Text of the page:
White Ibis (Eudocimus albus)
The White Ibis is one of the most numerous wading birds in Florida.
In flight, the neck is outstretched; the flocks fly in strings, flapping and gliding and often soar in circles. The White Ibis is about 22-27 inches tall. White Ibis inhabit salt, brackish, and fresh marshes, rice fields, mangroves. They may forage in any kind of shallow water, commonly flying to feed in fresh water even in coastal regions. Foraging sites include marshes, mudflats, flooded pastures, lake edges, mangrove lagoons, and grassy fields.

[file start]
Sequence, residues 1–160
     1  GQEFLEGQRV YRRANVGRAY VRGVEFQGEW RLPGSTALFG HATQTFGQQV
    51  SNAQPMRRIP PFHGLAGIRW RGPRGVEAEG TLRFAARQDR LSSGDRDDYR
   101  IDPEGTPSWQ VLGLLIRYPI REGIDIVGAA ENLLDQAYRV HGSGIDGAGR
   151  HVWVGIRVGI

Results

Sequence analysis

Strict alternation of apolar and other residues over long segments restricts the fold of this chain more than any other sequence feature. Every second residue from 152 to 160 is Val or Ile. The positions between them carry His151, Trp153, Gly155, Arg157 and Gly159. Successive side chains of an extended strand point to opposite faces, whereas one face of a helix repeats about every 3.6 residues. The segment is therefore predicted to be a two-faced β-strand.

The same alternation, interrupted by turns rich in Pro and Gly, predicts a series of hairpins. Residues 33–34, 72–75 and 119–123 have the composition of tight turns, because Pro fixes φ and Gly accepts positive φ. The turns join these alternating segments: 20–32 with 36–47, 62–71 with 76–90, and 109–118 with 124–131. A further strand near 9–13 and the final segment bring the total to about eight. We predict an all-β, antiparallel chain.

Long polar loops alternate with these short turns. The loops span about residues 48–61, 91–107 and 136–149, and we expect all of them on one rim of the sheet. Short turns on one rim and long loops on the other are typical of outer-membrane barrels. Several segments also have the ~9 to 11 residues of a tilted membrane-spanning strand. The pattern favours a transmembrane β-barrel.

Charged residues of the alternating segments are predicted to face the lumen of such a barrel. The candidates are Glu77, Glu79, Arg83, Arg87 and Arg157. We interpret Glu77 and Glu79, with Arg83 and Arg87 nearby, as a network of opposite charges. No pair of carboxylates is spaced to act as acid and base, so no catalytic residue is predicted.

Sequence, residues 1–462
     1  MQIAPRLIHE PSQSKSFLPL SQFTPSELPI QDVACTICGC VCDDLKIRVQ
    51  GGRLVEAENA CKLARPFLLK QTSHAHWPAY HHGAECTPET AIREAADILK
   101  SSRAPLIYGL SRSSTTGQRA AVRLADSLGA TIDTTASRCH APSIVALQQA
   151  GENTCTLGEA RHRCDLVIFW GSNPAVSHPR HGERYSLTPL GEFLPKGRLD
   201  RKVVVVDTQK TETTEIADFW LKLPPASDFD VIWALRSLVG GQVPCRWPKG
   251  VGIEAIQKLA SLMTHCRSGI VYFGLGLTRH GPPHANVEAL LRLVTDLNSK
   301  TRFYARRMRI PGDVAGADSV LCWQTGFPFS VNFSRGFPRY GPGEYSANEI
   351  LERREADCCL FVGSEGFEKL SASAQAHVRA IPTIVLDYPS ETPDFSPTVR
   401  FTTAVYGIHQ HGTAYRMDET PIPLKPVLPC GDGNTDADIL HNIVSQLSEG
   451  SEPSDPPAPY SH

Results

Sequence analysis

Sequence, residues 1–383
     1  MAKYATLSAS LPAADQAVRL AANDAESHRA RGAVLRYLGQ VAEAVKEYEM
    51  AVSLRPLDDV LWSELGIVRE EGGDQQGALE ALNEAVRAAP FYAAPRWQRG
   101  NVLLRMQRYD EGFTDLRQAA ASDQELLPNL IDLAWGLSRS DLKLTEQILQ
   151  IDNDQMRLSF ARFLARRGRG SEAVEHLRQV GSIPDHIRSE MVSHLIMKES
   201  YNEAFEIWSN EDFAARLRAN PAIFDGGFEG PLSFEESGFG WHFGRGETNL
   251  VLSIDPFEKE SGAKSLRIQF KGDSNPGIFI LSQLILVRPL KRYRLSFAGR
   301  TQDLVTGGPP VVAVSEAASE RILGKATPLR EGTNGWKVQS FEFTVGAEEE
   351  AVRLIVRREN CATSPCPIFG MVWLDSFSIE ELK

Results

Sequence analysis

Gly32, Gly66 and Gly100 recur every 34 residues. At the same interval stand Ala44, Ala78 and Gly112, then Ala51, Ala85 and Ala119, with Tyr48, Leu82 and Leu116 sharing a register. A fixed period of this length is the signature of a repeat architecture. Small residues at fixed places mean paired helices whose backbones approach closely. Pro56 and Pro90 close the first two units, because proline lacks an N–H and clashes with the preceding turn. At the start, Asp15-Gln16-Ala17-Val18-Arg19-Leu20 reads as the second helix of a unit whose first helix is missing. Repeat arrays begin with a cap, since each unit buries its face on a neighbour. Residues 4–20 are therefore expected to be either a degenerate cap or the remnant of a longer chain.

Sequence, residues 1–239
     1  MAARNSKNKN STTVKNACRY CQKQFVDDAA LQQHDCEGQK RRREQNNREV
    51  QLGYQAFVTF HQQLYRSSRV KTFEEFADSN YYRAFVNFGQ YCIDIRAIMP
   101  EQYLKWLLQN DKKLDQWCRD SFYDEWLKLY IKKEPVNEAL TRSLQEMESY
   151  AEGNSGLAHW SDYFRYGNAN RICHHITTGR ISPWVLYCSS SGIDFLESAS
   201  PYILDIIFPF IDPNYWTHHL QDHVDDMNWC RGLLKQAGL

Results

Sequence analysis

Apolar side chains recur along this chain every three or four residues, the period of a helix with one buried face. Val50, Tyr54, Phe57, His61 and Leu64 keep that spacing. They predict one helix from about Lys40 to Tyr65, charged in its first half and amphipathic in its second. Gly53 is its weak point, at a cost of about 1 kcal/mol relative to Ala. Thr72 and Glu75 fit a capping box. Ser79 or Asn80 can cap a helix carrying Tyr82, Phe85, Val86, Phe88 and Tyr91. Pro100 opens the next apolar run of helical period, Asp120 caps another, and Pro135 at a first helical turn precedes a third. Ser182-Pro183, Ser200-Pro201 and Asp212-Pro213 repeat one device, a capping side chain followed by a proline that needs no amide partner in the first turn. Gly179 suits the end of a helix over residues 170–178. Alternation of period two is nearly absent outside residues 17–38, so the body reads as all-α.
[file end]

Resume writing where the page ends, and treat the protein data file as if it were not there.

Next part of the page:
The White Ibis is highly sociable at all seasons, roosting and feeding in flocks, and nesting in large colonies, making it an excellent example of the colonial waterbird. These birds nest in huge colonies in fresh water marshes or along the ocean coast. Researchers have counted 60,000-80,000 individuals in one colony in the Everglades National Park, Florida! During the day, white ibis may fly up to 15 miles or more to find small crustaceans, fish, frogs, and aquatic insects to eat and to feed their young.
White Ibis can be found along the coast of North Carolina to Florida and Texas.